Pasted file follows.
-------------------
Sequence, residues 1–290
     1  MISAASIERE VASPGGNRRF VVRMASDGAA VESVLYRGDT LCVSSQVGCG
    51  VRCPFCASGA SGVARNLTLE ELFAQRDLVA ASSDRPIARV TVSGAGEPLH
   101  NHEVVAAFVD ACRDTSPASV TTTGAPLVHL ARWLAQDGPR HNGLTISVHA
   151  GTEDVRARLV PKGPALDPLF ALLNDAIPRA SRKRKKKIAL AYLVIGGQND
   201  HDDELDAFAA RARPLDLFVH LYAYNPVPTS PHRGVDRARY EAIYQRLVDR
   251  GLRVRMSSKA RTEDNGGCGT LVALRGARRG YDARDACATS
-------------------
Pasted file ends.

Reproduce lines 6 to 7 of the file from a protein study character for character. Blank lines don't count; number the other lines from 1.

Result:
   201  HDDELDAFAA RARPLDLFVH LYAYNPVPTS PHRGVDRARY EAIYQRLVDR
   251  GLRVRMSSKA RTEDNGGCGT LVALRGARRG YDARDACATS